CD-ROMs: Electronic artists' books?
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Issue 7   |   January 2000  

[Favorite CD-ROMs]

[Shopping for CD-ROMs]




Electronic vs. print publishing
Let's talk about the current state of electronic publishing by comparing it to old fashioned dead-tree publishing. The Internet, with its vast capacity and near-universal accessibility, makes a great reference library. You want to look up facts, head for your computer. The decision by Encyclopedia Britannica to eliminate a paper edition in favor of delivery via the Web is evidence of the change now taking place. Research is moving to the Web bigtime.

For timely & topical information, the Web has a lot to recommend it too. It's the biggest magazine stand imaginable, with special-interest publications on anything under the sun popping up daily. The ability to reach worldwide audiences via the Internet is something underground print 'zine publishers can only dream of. Still, cost & portability issues mean glossy magazines and their xeroxed counterparts will be with us for quite a while.

Likewise for the mass-market book. A good electronic version of the paperback novel or best-seller is still some time away, waiting for truly portable high-resolution screens to come along. Sure there are hand-held electronic "books," including one with a real leather cover. But they are still bulky, expensive, and visually inferior to their paper counterparts.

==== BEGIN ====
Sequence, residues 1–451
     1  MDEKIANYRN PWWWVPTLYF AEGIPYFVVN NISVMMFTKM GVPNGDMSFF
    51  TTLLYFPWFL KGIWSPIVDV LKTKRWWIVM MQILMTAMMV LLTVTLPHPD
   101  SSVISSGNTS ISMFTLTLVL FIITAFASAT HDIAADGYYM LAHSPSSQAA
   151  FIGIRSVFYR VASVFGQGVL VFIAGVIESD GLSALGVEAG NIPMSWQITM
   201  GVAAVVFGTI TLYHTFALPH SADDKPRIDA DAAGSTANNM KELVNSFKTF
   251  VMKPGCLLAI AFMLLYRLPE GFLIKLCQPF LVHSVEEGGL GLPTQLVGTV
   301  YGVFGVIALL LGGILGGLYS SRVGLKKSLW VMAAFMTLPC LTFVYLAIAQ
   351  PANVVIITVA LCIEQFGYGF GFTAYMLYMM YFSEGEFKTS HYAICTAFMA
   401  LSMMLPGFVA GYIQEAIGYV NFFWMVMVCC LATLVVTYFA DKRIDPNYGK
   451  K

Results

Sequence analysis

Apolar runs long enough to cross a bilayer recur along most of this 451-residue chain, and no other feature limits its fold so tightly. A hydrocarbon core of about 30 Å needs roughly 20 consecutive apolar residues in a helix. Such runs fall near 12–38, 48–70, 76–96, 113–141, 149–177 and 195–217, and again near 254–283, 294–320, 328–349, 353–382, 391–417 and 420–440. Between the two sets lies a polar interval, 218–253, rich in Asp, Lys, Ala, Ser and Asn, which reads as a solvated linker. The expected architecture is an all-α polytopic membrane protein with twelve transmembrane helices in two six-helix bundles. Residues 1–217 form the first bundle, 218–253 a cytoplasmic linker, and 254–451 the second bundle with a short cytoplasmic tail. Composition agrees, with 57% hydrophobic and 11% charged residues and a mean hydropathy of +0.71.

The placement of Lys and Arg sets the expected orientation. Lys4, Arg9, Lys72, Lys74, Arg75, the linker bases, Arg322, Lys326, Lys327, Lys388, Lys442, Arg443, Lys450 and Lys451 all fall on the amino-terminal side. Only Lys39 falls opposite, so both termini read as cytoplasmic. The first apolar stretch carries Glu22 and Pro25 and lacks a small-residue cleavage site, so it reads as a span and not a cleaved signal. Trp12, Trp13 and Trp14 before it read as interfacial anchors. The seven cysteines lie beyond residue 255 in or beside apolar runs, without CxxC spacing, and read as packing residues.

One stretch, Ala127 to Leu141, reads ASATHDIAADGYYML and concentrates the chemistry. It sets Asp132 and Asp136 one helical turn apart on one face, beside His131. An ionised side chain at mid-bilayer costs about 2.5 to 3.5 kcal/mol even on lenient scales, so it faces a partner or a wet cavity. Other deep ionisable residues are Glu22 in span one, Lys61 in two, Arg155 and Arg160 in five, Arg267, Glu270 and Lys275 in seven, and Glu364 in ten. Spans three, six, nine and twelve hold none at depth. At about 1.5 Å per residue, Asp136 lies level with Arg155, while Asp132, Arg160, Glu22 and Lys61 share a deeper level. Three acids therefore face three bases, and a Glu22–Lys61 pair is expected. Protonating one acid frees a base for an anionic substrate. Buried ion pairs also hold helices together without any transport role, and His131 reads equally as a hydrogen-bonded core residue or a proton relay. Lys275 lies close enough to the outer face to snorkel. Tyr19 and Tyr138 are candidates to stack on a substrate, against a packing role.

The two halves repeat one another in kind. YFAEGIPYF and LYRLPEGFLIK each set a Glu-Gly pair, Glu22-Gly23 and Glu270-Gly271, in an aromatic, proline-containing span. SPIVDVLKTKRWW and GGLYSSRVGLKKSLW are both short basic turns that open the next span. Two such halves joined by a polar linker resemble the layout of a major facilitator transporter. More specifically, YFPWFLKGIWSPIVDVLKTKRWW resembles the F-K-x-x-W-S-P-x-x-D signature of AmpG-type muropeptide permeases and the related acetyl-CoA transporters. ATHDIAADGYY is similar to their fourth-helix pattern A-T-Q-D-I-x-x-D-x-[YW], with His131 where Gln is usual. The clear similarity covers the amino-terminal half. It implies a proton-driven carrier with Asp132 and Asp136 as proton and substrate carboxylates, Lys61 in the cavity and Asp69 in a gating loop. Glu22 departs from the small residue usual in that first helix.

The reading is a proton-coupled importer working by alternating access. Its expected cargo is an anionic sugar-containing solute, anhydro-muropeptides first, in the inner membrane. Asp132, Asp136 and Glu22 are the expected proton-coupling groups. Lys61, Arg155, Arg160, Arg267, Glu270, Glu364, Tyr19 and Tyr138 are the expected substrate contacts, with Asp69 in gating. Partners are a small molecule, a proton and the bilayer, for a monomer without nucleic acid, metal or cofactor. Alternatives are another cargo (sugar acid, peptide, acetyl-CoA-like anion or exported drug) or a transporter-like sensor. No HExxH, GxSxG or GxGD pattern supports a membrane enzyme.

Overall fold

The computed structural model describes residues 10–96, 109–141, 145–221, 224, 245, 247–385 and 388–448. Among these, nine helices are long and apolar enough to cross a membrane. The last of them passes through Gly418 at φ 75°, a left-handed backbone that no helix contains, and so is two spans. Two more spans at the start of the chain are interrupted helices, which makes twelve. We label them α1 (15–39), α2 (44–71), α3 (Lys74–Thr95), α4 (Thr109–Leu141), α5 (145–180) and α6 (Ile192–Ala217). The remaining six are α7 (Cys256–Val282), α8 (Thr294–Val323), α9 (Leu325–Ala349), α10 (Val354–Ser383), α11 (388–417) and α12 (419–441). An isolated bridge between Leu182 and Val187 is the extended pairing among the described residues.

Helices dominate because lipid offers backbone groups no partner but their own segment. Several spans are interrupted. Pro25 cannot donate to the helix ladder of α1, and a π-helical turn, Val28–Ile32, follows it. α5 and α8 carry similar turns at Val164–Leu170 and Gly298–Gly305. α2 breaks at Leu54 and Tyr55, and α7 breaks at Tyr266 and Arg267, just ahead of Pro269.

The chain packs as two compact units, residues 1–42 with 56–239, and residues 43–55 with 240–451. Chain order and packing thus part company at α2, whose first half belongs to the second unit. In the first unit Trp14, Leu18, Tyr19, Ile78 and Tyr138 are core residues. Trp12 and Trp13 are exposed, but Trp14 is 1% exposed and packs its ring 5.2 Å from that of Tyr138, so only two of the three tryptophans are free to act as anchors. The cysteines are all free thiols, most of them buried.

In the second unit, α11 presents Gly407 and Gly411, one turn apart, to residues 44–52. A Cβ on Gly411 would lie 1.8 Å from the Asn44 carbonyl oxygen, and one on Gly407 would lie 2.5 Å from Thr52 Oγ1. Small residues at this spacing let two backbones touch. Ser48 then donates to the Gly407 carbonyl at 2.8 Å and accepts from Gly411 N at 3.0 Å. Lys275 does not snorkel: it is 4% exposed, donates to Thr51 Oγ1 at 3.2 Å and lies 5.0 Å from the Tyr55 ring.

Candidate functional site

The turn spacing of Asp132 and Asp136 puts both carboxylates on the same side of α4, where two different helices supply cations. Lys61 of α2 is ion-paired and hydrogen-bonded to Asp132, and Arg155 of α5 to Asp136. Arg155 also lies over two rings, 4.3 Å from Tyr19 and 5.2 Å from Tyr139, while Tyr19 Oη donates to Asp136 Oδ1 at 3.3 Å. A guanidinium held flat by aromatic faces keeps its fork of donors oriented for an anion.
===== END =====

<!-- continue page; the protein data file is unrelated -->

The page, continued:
So the Internet fulfills our need for reference materials, and to some degree, periodicals and 'zines. We still buy books for leisure reading and entertainment. What else is there?

Unconventional books
In the book world there's a unique category called "artists' books." Artists' books are limited editions (often one of a kind) that are unconventional in style, content, and/or form. They combine text, visual artwork and sometimes sculptural aspects to create a rich multi-sensory experience.

They let you experience the author's words in more complex ways than usual, creating layers of meaning through artful presentation. Artists' books fall somewhere between book and art object, combining aspects of both.

This is the niche that interactive CD-ROMs can fill. The best of them, often produced by artists and/or musicians, span genres in a similar way.

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